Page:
Risks of Profiling and the Limits of Data Protection Law

Part of the Studies in Applied Philosophy, Epistemology and Rational Ethics book series (SAPERE, volume 3)

Abstract

Profiling and automated decision-making may pose risks to individuals. Possible risks that flow forth from profiling and automated decision-making include discrimination, de-individualisation and stereotyping. To mitigate these risks, the right to privacy is traditionally invoked. However, given the rapid technological developments in the area of profiling, it is questionable whether the right to informational privacy and data protection law provide an adequate level of protection and are effective in balancing different interests when it comes to profiling. To answer the question as to whether data protection law can adequately protect us against the risks of profiling, I will discuss the role of data protection law in the context of profiling and automated decision-making. First, the specific risks associated with profiling and automated decision-making are explored. From there I examine how data protection law addresses these risks. Next I discuss possible limitations and possible drawbacks of data protection law when it comes to the issue of profiling and automated decision-making. I conclude with several suggestions to for making current data protection law more effective in dealing with the risks of profiling. These include more focus on the actual goals of data processing and ‘ethics by design’.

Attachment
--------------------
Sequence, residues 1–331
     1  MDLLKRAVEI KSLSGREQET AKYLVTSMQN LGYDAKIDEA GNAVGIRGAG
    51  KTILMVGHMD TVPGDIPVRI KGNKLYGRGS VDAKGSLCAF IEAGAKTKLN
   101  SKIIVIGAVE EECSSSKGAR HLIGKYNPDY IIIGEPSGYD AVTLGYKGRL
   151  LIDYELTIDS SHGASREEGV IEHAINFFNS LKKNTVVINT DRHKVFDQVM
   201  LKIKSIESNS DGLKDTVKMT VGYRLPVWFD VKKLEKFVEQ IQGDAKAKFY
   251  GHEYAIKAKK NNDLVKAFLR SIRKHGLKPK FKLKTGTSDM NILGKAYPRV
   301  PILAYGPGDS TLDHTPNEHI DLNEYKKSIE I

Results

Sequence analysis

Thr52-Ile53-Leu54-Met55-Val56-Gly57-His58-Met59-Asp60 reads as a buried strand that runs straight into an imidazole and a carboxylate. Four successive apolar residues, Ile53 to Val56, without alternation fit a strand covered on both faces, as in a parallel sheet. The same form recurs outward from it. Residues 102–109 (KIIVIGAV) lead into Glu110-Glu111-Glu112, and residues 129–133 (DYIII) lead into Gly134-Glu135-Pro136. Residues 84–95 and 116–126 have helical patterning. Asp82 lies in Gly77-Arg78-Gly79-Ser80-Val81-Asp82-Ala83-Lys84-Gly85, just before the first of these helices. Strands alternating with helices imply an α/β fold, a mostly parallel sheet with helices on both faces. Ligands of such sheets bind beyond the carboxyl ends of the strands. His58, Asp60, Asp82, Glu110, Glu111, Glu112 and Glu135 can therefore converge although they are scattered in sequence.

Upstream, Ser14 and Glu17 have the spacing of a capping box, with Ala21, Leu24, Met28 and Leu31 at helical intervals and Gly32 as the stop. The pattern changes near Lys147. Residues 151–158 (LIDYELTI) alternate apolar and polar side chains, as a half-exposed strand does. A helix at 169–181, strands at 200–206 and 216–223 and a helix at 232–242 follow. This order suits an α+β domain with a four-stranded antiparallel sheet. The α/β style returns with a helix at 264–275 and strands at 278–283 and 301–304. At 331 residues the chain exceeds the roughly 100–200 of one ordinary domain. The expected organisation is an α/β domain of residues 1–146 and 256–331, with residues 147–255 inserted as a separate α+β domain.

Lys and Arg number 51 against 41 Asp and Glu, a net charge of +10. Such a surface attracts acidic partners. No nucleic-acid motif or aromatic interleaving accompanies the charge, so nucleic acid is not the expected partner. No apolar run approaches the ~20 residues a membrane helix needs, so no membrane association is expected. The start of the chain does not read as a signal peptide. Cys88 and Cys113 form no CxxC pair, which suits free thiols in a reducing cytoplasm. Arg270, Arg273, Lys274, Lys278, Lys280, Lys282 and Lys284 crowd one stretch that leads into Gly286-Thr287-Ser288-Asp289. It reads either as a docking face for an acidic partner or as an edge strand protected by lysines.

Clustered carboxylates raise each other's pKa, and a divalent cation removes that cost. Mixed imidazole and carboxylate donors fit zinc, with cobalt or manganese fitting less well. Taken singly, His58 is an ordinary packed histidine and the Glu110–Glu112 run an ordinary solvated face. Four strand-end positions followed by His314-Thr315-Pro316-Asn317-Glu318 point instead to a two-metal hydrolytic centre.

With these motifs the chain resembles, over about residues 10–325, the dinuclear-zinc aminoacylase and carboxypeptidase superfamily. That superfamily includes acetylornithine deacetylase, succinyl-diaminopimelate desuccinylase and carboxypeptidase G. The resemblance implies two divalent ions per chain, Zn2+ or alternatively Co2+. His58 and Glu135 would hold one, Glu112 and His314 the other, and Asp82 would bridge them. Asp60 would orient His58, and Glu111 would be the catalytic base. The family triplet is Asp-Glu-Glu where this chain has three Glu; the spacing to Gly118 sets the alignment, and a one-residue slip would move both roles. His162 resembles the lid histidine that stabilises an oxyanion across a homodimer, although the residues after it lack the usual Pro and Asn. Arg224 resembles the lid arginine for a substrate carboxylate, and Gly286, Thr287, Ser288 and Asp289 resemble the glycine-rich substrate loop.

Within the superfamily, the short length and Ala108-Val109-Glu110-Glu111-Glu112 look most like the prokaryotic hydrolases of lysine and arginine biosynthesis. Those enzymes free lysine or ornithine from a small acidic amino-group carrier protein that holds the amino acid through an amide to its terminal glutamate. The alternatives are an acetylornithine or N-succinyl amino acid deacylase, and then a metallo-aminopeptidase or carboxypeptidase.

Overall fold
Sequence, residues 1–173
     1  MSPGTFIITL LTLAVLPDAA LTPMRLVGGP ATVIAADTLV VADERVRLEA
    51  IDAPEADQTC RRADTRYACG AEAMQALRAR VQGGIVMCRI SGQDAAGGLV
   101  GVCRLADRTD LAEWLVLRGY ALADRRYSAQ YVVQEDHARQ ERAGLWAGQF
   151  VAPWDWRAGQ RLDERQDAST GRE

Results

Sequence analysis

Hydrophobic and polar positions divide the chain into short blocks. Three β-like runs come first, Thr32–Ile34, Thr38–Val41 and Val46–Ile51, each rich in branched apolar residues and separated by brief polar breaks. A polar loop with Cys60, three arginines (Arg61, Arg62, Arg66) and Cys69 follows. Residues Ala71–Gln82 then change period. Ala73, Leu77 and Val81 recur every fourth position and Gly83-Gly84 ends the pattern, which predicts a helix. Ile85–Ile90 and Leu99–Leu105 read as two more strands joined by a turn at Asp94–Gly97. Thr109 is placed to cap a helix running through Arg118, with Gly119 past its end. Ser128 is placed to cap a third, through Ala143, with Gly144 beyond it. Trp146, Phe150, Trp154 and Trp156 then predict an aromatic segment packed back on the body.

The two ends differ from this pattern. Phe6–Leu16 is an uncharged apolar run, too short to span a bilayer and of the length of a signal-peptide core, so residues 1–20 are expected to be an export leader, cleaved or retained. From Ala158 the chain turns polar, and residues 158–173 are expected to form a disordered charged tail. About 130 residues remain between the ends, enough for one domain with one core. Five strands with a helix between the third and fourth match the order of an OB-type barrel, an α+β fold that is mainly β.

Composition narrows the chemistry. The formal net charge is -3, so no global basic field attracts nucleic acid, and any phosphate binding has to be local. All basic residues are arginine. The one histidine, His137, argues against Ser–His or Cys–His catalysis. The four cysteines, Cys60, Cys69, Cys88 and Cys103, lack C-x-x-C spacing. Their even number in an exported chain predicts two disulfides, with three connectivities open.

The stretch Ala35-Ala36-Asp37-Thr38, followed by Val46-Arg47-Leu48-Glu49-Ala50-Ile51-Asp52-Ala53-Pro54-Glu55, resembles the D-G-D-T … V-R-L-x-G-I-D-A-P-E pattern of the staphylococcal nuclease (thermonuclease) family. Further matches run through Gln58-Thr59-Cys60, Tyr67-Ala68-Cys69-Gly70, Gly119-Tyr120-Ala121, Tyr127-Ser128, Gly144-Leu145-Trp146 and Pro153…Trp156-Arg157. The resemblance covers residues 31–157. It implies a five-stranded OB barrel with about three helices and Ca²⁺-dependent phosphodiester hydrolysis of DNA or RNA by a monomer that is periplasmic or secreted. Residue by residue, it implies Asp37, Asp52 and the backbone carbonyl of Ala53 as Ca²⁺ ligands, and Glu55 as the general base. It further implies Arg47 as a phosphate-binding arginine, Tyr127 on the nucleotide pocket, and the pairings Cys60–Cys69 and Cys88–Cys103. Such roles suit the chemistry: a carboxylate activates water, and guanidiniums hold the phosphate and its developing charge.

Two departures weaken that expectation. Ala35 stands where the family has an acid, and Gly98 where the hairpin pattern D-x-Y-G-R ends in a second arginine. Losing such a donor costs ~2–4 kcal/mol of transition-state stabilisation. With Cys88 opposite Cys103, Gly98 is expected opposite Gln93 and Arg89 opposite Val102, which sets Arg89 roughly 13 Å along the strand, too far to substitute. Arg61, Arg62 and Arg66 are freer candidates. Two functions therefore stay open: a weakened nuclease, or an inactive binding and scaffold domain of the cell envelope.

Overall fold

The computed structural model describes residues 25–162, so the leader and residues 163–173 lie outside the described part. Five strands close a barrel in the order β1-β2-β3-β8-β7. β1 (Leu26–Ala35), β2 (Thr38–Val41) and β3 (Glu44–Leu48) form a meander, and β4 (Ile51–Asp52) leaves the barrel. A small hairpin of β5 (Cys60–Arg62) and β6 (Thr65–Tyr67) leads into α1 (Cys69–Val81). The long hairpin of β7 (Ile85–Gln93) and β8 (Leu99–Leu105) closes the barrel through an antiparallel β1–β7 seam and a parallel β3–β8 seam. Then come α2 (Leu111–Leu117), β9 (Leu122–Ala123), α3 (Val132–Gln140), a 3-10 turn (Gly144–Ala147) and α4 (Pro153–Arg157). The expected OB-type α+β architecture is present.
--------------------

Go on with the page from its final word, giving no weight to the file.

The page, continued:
Keywords

Moral Reason Personal Data Data Protection Working Party Data Subject 
These keywords were added by machine and not by the authors. This process is experimental and the keywords may be updated as the learning algorithm improves.

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Copyright information

© Springer-Verlag Berlin Heidelberg 2013

Authors and Affiliations

  1. 1.eLaw, Institute for Law in the Information SocietyLeiden UniversityLeidenThe Netherlands

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